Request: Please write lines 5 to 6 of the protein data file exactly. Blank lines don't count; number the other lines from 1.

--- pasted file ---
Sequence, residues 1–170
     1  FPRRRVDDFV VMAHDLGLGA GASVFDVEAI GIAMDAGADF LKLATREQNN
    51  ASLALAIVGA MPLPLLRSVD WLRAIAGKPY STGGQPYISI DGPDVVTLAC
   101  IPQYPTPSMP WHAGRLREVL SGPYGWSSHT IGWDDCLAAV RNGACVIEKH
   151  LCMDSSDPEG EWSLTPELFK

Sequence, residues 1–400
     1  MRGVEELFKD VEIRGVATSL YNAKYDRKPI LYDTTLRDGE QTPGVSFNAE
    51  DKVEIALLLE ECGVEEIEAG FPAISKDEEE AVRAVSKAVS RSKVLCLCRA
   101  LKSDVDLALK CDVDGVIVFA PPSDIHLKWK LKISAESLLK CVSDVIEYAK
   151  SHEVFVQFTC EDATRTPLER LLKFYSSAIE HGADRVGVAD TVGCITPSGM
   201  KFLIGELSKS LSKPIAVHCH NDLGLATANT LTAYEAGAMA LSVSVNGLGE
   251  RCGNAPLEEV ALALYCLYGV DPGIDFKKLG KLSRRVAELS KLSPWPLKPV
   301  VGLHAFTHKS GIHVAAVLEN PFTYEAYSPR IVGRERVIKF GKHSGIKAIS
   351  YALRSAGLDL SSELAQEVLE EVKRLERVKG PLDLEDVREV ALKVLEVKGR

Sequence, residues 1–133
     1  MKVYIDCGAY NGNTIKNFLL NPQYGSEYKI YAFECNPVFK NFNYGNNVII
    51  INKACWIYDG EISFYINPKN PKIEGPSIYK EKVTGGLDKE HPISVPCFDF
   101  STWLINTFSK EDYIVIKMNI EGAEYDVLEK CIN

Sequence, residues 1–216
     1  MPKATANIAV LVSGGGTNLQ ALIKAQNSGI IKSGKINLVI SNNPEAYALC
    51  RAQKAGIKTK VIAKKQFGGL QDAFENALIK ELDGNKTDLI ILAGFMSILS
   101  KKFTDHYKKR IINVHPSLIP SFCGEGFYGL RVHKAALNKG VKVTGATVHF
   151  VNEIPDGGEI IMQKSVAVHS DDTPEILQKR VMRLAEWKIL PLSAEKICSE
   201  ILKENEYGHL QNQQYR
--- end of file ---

   151  LCMDSSDPEG EWSLTPELFK

Sequence, residues 1–400